Do we need more dad midwives?

The latest trend in parenting is dads being midwives. But there is some debate about it.
Feb 13, 2016

295 views   |   2 shares
  • Martin Boyce has achieved super dad status.

  • This week, Boyce helped his fiancee, Holly Dawson, give birth to their baby daughter Isabelle during a home birth.

  • Boyce didn't expect to deliver his new baby daughter. His wife went into labor hours earlier than expected, forcing Boyce to act as a midwife. He listened to his mother's instructions that she received over the phone from midwives at the Leicester General Hospital and successfully delivered the baby.

  • "It was a bit scary as it was some time before 'Belle moved and cried, but it was fine. As well as a bit scary, it was also absolutely amazing," Boyce told The Leicester Mercury.

  • They filmed the event, and the video has since gone viral.

  • Here's a look at the home birth. It may make you uncomfortable. The highlight here is Boyce's attention to Dawson, and how sweet he treats his wife and daughter.

  • After Isabelle was born, the couple brought her to the hospital, where the midwives checked on her, the Mercury reported.

  • Though midwives later attended to her, Isabelle's birth was still a case of a dad taking the reins as midwife, a position normally held by a woman, who act as a care provider for mothers and infants.

  • In the United States alone, there were 11,018 registered nurse-midwives and 88 certified midwives in 2015. These registered midwives helped more than 320,000 women give birth, attending to 92 percent of all midwife births. Research has found that home births with midwives usually are a safe form of childbirth.

  • But for men, being a midwife is not always common. In the United Kingdom, where there are 42,000 registered midwives, only 122 are men.

  • Advertisement
  • One of those men is Mark Harris, who has been a midwife for 22 years. He told The Telegraph he's sometimes met with confused glances and crooked eyebrows about his role as a midwife, as some haven't come to accept it as an occupation for men. His own children tell people that their dad is unemployed rather than explain that he helps women give birth, he said.

  • At the same time, he's had three babies named after him — "proof that many women find Harris a welcome presence in the birthing room," The Telegraph reported. In total, he's delivered 500 babies.

  • But he may be the exception. Men can sometimes feel helpless in the birthing room, resorting to inappropriate jokes to make themselves feel more confident about the ongoing events. It wasn't until the 1970s that men, including fathers, were even allowed in the birthing room, after all.

  • "It doesn't just feel powerless, it feels emasculating," Harris said. "At the moment when the one they love is having stuff done to her, they feel completely unable to handle it. Not only that, they have professionals around her saying, 'can you move away', 'can you sit down', 'we'll be back for you' after they've rushed her off to theatre."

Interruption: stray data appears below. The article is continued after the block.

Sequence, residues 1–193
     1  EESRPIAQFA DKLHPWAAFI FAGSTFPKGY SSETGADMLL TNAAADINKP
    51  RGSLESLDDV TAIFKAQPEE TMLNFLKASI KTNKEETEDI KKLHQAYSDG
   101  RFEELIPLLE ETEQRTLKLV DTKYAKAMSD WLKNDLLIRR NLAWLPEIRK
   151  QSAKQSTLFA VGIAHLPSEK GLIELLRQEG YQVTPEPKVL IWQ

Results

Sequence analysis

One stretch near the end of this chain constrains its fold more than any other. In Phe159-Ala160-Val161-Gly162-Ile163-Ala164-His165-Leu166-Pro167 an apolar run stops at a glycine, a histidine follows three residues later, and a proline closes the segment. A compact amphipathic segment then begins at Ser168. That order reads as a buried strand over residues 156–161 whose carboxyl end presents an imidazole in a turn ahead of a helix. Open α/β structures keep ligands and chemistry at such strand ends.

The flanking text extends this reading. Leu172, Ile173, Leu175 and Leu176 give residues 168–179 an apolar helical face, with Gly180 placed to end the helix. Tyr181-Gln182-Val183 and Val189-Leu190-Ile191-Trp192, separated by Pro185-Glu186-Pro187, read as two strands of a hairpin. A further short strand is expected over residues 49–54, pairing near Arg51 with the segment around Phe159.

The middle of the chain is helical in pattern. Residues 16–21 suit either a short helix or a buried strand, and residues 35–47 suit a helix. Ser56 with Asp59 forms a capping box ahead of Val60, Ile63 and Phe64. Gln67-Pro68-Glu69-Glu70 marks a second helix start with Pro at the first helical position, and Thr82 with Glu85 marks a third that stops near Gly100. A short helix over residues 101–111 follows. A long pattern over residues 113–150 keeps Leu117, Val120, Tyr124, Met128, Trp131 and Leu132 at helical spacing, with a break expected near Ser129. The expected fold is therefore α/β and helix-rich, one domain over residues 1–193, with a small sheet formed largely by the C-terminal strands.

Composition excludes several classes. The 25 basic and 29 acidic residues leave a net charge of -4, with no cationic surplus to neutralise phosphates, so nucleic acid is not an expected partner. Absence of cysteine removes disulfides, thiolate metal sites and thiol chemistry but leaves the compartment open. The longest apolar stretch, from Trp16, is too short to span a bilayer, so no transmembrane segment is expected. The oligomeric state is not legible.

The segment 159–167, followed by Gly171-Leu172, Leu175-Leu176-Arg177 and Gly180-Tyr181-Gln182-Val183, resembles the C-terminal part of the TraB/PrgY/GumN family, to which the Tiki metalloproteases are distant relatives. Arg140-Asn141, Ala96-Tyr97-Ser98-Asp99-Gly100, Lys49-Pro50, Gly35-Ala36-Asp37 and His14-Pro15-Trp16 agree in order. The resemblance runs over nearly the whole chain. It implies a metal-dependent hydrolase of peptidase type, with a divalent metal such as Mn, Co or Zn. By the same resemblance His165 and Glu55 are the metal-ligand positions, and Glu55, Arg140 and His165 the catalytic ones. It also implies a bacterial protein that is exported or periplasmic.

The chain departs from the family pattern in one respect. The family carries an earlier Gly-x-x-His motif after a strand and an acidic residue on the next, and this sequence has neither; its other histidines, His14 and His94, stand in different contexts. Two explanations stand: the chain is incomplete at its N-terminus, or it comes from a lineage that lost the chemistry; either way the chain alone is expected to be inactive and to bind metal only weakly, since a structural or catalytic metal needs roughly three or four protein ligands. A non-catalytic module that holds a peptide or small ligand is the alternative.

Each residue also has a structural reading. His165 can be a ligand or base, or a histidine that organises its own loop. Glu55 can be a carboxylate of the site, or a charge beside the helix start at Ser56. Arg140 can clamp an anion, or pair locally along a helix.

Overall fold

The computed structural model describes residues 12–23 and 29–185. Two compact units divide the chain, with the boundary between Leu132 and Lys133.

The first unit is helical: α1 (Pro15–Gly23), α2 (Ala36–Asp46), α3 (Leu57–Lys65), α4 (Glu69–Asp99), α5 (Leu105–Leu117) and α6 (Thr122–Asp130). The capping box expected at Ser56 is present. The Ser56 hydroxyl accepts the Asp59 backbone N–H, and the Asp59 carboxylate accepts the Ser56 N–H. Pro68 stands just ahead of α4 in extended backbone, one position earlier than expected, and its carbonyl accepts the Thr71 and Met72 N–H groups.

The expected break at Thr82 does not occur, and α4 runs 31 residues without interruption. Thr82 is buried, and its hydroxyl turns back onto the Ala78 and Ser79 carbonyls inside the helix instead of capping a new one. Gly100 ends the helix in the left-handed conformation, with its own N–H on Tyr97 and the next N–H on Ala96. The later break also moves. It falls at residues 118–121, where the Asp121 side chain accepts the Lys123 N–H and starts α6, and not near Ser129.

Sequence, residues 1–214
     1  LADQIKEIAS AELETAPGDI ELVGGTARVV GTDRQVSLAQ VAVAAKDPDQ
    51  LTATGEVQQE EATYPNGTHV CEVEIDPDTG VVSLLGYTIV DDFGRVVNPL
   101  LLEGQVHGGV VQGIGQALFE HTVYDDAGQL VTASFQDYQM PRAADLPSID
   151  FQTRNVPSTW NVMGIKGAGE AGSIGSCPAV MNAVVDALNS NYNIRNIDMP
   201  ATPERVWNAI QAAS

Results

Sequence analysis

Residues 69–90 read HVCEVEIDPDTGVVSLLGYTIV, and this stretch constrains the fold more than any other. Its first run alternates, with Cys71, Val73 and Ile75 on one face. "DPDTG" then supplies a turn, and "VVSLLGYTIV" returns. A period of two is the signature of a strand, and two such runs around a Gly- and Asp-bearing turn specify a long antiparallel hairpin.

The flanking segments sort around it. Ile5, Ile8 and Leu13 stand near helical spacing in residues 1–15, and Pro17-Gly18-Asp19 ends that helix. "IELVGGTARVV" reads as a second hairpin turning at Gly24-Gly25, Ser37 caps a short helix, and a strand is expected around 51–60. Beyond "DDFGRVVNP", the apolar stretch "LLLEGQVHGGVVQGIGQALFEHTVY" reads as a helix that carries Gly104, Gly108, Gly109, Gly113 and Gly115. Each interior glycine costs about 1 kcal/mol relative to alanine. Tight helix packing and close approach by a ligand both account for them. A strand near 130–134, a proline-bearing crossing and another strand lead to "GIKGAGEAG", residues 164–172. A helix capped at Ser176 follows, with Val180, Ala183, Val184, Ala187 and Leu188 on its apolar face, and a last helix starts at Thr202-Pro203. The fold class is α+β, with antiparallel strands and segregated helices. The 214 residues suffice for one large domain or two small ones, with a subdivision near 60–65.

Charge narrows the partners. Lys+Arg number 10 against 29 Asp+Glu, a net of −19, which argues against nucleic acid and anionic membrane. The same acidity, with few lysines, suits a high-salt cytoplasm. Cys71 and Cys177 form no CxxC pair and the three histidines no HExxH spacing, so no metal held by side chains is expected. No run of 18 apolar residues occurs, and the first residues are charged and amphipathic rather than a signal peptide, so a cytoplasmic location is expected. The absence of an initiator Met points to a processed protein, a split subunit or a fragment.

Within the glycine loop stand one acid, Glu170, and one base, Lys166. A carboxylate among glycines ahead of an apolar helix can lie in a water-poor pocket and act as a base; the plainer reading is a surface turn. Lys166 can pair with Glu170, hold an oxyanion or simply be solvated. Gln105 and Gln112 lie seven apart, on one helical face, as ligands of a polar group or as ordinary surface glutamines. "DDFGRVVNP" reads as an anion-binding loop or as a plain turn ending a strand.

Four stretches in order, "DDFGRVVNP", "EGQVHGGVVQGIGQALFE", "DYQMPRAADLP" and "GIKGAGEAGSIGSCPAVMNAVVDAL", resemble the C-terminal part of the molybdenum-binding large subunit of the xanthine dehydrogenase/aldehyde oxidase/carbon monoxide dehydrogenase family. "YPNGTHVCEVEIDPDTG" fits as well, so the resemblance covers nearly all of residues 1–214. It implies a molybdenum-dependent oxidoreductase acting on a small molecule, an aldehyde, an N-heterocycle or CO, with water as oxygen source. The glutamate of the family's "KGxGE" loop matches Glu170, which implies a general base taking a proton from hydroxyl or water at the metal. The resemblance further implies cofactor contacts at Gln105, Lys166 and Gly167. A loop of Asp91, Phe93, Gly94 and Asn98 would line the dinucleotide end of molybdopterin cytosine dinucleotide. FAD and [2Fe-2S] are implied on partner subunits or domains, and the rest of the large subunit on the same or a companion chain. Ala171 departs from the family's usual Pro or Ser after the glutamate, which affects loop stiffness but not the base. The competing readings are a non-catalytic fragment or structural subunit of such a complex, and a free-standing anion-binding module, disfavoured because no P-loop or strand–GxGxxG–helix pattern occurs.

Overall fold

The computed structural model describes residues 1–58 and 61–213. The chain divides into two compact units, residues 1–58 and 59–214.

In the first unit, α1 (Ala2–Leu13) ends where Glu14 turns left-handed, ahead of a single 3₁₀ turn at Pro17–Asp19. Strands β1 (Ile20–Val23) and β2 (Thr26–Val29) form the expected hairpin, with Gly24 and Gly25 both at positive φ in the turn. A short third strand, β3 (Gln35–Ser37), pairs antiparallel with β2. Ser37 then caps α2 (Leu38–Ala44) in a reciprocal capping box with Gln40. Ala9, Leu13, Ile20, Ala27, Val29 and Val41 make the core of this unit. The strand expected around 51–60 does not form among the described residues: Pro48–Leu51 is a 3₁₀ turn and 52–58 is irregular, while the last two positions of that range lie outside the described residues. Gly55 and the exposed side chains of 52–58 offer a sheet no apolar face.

• But these men can find confidence with being in the hospital room by becoming midwives or learning more about childbirth.

  • Helping out during childbirth can also help these men become betters fathers, according to Midwifery Today, a magazine written for midwives.

  • Fathers who are in attendance for the child's birth create an early connection with their soon-to-be born baby, kicking off the framework for a strong father and child relationship. These fathers, upon seeing their new child, tend to feel strong empathy and compassion for their baby, which will then establish a better relationship, the magazine said.

  • These fathers also feel like they'll be more comfortable holding their child, and will have a better ability to distinguish their new baby from the crowd, the magazine said.

  • Acting as a midwife, or staying in the hospital room during birth, can also help husbands improve their relationship with their wives because it shows their partner that they are around during stressful times.

  • Advertisement
  • Still, Harris suggests that fathers only be there if they really want to be, not because research or experts says so.

  • "If he doesn't want to be there, he shouldn't really be there," Harris told The Telegraph. "The foundation for an energetic, passionate fatherhood is a courageous choice at that point. Making that kind of choice could be the making of a great dad."

Want uplifting and insightful stories in your inbox?

Share with your friends and family...

Herb Scribner is a writer for Deseret Digital Media.

Website: https://twitter.com/HerbScribner

A piece of paper is all you need to stop bullying. Here’s what you need to know.

Fight off bullying with these four suggestions you can start with your kids today.

Advertisement
Tell us your opinion
 

Thanks for subscribing to our email list. Please enjoy our latest articles.

tumblr